This time of year, I cannot walk past a carton of figs without picking one up and bringing it home with me. I am still trying to figure out how to grow them in Minnesota. Yes, I know... that probably won't happen. But the New York Times article, Italy to Brooklyn, Fig by Fig, gives me faint hope.
• recipe from Matthew Accarinno
• 1/2 cup ruby or tawny port
• 2 tablespoons granulated sugar
• One 3-by-1-inch strip of orange zest
• 1/2 cup heavy cream
• 1 cup half-and-half
• 1/2 cup granulated sugar, plus more for the baking dish
• 2 large eggs
• 2 teaspoons pure vanilla extract
• 1/2 teaspoon finely grated orange zest
• 1/4 teaspoon salt
• 1/4 cup plus 2 tablespoons all-purpose flour
• Melted butter, for the dish
• 3/4 pounds fresh Black Mission figs, halved lengthwise
• Confectioners' sugar, for dusting
1. Combine the port, sugar, and orange zest in a small saucepan and bring to a boil. Reduce the heat and simmer until reduced by half. Transfer the mixture to a small bowl and let cool. Remove the orange zest and refrigerate syrup.
2. Combine the half-and-half, 1/2 cup granulated sugar, eggs, vanilla, 1/2 teaspoon grated orange zest, and salt in a blender container. Add the flour in 3 parts, pulsing for 10 seconds after each addition. Let the mixture rest for 30 minutes.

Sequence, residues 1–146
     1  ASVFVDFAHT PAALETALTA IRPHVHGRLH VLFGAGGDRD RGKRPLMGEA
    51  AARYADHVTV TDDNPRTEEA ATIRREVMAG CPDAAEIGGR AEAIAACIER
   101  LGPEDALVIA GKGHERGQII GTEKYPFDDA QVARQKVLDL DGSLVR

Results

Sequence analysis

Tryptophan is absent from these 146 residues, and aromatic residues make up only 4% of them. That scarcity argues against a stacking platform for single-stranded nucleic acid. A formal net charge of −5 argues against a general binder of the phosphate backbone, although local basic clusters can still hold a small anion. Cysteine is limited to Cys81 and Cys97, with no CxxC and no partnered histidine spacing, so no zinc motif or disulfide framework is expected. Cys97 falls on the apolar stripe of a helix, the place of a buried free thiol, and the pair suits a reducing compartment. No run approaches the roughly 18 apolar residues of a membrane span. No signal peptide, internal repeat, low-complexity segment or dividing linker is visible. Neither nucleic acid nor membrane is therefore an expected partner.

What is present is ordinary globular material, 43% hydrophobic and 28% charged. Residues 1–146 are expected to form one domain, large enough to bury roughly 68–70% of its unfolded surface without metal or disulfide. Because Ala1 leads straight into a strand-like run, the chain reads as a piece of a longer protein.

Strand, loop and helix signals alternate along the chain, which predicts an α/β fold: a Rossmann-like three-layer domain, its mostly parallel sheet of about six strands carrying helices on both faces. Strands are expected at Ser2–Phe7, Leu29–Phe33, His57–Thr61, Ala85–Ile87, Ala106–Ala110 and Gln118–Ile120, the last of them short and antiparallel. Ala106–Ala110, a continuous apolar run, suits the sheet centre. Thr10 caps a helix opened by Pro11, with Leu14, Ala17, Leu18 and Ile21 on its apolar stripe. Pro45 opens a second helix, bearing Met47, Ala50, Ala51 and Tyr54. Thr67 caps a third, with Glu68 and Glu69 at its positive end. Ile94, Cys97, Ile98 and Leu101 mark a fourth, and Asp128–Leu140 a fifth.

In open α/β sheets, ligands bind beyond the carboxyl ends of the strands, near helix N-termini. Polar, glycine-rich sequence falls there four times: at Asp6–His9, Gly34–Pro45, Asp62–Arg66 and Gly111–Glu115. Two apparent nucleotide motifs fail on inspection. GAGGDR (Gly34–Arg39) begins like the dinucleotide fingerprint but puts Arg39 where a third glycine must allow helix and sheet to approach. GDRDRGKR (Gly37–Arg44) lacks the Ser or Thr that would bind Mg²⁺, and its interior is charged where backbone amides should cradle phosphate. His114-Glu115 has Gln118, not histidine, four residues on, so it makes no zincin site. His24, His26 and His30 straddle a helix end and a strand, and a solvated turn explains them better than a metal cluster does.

3. In the meantime, make the port cream. Place the 1/2 cup heavy cream in a medium bowl and either whisking by hand or using an electric mixer, beat until cream thickens. Drizzle in 1 1/2 tablespoons (I probably used 2 1/2 tablespoons) of the reduced port syrup and whisk until you have soft peaks. Refrigerate the whipped cream and remaining syrup separately.
4. PREHEAT OVEN to 425˚F. Brush a 9-inch cast iron skillet or baking dish with melted butter; dust with sugar. Pulse the custard mixture once again and pour into the prepared skillet or dish. Arrange the figs in the skillet, cut side up.
5. Place skillet on the middle rack of preheated oven and bake for 15 minutes. Reduce heat to 375˚ and continue to bake for an additional 20 to 25 minutes, or until the custard filling is just set and light golden.
6. Allow the clafoutis to cool for 5 minutes, then dust with Confectioners' sugar. To serve, drizzle a little port syrup over individual slices of clafoutis and top with a dollop of whipped port cream.
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